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What Are the Effects of Low Cortisol?

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  • Written By: Rolando Braza
  • Edited By: J.T. Gale
  • Last Modified Date: 08 July 2014
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Cortisol is a hormone produced by the adrenal glands and plays a vital role in keeping the body alert. Low cortisol can cause disturbance in the body’s metabolism, low blood pressure, skin problems, and sexual disorders. Extreme cases of cortisol deficiency can result in a life-threatening condition called adrenal crisis.

Disturbance in metabolism will impair the ability of the body to burn calories or convert food into energy that helps the body sustain itself. When this happens, blood sugar will be low. There will also be a deficiency in glycogen, which is needed by the body for energy in order to manage stress and avoid fatigue.

Low blood pressure can have serious medical consequences. A person can be injured as a result of a bad fall due to dizziness caused by low blood pressure. He or she can also experience a blackout.

Generally, low cortisol results in the augmentation of other hormones that in turn trigger the melanocyte cells to be more active. The melanocyte cells that take charge of skin pigmentation will consequently cause skin discoloration. This skin problem is known as hyperpigmentation.

Sexual disorders resulting from low cortisol include the loss of sexual appetite in both males and females. Women who are in their childbearing years can suffer from absence of menstruation, or amenorrhea. Low cortisol can also cause sterility in women.

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Adrenal crisis arises when the adrenal gland or the pituitary gland is damaged. Damage to the adrenal gland is known as Addison’s disease, which is indicated by low blood pressure, browning of the skin, gastrointestinal problems, weight loss, and poor appetite. Adrenal crisis is also likely to occur when adrenal deficiency is not immediately addressed.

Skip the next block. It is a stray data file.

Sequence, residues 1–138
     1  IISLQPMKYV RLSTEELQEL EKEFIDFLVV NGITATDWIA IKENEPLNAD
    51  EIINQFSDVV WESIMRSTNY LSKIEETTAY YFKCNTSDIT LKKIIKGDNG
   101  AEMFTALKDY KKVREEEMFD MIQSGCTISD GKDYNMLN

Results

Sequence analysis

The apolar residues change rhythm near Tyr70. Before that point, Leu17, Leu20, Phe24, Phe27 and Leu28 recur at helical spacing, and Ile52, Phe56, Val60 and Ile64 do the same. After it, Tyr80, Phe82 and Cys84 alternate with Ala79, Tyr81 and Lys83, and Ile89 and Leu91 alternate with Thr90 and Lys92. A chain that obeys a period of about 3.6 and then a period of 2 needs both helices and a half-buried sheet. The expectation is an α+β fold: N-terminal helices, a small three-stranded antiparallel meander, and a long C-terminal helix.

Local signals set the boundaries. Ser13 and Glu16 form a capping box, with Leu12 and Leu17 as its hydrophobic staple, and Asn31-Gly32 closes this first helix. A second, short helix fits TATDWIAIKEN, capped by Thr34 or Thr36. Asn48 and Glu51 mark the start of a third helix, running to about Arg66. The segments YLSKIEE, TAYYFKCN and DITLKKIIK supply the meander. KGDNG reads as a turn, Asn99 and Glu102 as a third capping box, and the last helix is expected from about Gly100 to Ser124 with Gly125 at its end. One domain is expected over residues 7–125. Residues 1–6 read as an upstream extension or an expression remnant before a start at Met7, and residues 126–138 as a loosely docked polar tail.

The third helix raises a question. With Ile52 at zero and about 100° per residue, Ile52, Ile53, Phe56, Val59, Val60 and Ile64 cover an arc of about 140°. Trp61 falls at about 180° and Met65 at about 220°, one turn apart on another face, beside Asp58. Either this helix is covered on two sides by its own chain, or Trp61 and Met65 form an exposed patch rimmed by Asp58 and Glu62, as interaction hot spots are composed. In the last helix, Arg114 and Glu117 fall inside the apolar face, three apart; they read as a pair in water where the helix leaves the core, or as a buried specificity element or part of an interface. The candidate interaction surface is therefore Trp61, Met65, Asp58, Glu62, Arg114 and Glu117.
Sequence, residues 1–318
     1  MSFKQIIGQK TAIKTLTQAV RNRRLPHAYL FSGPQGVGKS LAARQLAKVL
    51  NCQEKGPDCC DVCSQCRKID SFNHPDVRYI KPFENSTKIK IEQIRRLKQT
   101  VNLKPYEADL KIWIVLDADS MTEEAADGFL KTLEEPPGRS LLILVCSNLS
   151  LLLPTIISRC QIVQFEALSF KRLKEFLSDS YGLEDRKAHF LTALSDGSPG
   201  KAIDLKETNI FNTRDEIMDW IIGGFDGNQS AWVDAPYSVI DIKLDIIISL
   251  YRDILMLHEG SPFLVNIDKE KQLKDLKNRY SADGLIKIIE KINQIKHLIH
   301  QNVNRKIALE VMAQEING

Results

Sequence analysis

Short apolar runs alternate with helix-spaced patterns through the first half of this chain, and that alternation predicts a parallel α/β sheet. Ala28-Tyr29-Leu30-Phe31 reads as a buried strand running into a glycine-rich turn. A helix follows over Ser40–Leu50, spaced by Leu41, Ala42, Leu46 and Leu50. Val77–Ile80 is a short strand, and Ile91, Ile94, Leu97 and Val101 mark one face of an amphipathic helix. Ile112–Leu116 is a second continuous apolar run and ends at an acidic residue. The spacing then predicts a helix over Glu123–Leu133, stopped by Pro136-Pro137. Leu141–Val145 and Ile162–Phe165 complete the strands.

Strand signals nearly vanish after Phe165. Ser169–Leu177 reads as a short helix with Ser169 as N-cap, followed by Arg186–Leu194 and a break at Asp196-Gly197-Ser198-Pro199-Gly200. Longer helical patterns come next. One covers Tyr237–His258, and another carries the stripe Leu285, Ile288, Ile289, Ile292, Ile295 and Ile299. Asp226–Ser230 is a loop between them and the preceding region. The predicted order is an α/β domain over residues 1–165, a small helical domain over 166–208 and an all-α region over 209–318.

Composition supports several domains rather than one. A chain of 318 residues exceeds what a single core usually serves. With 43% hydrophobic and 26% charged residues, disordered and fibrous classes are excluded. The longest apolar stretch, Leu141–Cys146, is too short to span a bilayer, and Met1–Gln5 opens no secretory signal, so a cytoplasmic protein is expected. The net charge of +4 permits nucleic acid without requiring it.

The early symptoms of low cortisol are quite common, such that they can be mistaken as symptoms of other diseases. A blood test must be performed to confirm that a person indeed has low cortisol. Blood samples are typically taken twice — one in the morning when the cortisol level is high and one in the evening when the cortisol level is expected to be low. Rest is essential prior to taking the blood test. A person who will undergo the blood test is normally advised to avoid taxing activities at least a day before the test is performed.

A person with low cortisol is normally given a daily dose of hydrocortisone to replace the lacking cortisol. Hydrocortisone injections are immediately given in case of adrenal crisis. Antibiotics are also given if the cause of the adrenal crisis is infection.

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Discuss this Article

Anna71
Post 3

I got 0.3 in my blood levels earlier this week but my adrenals have shut down and I usually supplement with hydrocortisone. My normal blood levels at 8 in the morning should be 25 to 60. Should I go to an endocrinologist?

anon339240
Post 2

@anon121749: Get a blood test to check for a pituitary tumor.

anon121749
Post 1

my son is 356, 15 years old and has low level 0.3 cortisol. Does anyone have a low level of cortisol?

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